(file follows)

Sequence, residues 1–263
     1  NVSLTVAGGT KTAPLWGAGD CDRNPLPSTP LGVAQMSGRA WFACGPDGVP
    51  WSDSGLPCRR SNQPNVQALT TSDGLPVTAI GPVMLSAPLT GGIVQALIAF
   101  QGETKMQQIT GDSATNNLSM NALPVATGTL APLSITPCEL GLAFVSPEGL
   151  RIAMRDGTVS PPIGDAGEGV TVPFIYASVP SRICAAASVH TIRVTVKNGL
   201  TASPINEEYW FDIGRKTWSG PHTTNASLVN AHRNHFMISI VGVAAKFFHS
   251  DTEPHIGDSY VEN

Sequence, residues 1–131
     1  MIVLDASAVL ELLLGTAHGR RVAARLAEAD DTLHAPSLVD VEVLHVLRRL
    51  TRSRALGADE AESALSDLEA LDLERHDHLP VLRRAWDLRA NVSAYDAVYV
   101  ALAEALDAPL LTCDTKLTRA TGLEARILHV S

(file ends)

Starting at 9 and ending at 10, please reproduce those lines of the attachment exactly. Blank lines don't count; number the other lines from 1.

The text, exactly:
     1  MIVLDASAVL ELLLGTAHGR RVAARLAEAD DTLHAPSLVD VEVLHVLRRL
    51  TRSRALGADE AESALSDLEA LDLERHDHLP VLRRAWDLRA NVSAYDAVYV